47crom took me to his home studio to get started on the photo essay. His car was missing a rear-view mirror on the right side. The dashboard was littered with cigarettes and matches and an empty juice box was at my feet.
His home studio turned out to be his bedroom in the apartment he lived in with his parents. They were watching English-language news when I entered and I started to say hi, but 47crom ushered me back into his room. While I moved around stepping over wires and dirty laundry and a half-gutted computer looking for angles, he played some of his compositions from a set of huge speakers. After each song he would look worried and ask me if I'd liked it. I had, but -- sorry -- was preoccupied with figuring out what I'd screwed up on my camera's flash settings.
His stage name came from an article he had read about transsexuals. It said that normal people have 46 chromosomes but transsexuals have a 47th. At the time he was working on a fusion of house and trance and he decided the 47th chromosome represented the same kind of third mode of existence as his music.
As he drove me home, late now, 47crom sang me the English lyrics he was recording in the next couple days for his latest song. He was driving in -13°C weather and thinking about me and it made his heart warm. His singing voice was really quite bad when not filtered through a computer.
Shaya met me in Shahrak-e Gharb Square a few days later, uncharacteristically smiling, and reached out for a secret gangsta handshake. Shake, thumb-to-thumb grab, finger snap, thumbs hooked together, and I got lost. She seemed somehow younger every time we met.
Shaya was also uncharacteristically wearing a classical Persian silver-with-blue-stones necklace, black nail polish gone now, and a basketball shirt over a T-shirt with black stretchy forearm covers. There was a park nearby where we could take pictures, she informed me. The wind was gusting and pulling at her headscarf as we walked and she held it down with both hands and laughed. I glanced around to see if there were any Gasht-e Ershad vans in sight. There weren't.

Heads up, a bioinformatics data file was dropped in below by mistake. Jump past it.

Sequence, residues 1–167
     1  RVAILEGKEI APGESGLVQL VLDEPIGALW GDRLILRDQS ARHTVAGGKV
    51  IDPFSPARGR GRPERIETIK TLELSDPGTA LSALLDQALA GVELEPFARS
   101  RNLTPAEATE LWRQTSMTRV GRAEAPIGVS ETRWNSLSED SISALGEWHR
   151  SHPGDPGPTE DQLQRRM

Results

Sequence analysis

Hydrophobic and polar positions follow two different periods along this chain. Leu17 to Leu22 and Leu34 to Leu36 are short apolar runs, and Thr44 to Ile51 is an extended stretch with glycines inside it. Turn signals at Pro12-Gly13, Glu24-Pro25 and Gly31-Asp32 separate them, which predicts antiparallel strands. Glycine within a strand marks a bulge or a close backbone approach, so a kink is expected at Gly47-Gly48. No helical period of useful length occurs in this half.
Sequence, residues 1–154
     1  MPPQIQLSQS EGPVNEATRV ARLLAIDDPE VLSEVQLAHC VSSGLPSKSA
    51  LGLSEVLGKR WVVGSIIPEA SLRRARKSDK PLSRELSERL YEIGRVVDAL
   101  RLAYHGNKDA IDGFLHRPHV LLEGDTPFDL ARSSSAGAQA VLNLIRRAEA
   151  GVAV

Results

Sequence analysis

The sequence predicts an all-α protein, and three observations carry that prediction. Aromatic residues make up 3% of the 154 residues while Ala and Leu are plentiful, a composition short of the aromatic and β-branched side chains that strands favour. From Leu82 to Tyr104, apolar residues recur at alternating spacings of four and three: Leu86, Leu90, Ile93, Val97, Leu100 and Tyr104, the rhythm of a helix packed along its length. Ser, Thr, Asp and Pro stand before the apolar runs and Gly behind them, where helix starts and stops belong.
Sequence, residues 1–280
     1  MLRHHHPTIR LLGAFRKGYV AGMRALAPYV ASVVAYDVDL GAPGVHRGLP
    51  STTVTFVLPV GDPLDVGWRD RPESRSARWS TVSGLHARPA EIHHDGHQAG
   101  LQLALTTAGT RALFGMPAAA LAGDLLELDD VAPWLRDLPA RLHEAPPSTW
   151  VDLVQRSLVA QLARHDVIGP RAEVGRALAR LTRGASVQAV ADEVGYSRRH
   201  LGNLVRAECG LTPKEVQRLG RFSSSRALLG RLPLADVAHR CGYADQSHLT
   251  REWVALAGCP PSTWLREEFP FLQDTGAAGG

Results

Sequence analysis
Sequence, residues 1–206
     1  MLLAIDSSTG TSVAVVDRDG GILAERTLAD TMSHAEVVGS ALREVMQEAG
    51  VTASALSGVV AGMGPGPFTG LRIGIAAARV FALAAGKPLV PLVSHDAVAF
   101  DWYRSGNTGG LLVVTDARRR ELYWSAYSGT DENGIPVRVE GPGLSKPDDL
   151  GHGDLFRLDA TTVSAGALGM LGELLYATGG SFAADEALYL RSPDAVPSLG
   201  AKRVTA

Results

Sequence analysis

Did I have advice for a girl who wanted to leave the country? I said if possible it was probably best to go abroad for education and then stay. She was studying music, piano, now at university and her parents wanted her to become a classical singer but she was more interested in rap. How's your English? I asked and she said, Good, pretty good, without attempting to demonstrate.
I said she should go to Turkey. I didn't know why more Iranians didn't go since it was so close and you didn't need a visa.
Shaya didn't like the idea. Turkey had lots of problems. She wanted to go someplace like Austria.
Turkey's freer at least, I said. It's much easier to be an artist there.
What do you think of Iran?
I'm not going to miss it when I leave.
In the park now, a couple hundred yards along a stone path from the main road, we sat down on a green metal bench. I wasn't sure what we were waiting for but then Shaya took a baseball hat out of her embroidered sequined bag and told me to go ahead and start taking pictures.
I looked around. Foliage along the path was hiding us pretty well, but that worked both ways.
I'm scared the police will come. Are you sure they won't?
She was sure. She had made a skating video nearby one time. Yani she'd tested the location. I still didn't like it.
If they do come it will be a bigger problem for me than for you, I grumbled as I pulled my camera from my backpack and snapped a lens onto it. She sat on the park bench expressionlessly except when I went in for a close-up portrait.
Not the face. The face is bad. She laughed self-consciously. A couple teenage boys, gelled hair and tight T-shirts, were watching curiously from a few benches down.
Another minute of looking for an angle to make the setting look interesting and then Agha Beatbox appeared from around the bend. I wasn't sure if Shaya had invited him as a translator or a chaperone, or both. Maybe they were a couple? I didn't have a chance to ask because immediately, without saying hello, he pitched a bout of freestyle, spicing the Persian lyrics with motherfucker and bitch here and there.
I called him Agha Beatbox because he did his own vocal percussion and I hadn't bothered to remember his name. He was tall and overweight with an afro and glasses. He always wore loose black and had cheeks covered with uneven stubble. I waited patiently for him to finish, standing too close and waving his West Side gang sign in my face.
Come on, man, he drawled in English when he ran out of material, and gestured we follow. He did a secret gangsta handshake with Shaya and the two stood waiting for me.
Get up, stand up. Get up for your rights.
Stand up for your rights, I corrected as I repacked my camera. They were impressed.
Agha Beatbox led us off the path to a little cobbled area beside what seemed to be a walled garden within the park, partially shielded from view by trees. This he was also confident was safe from police.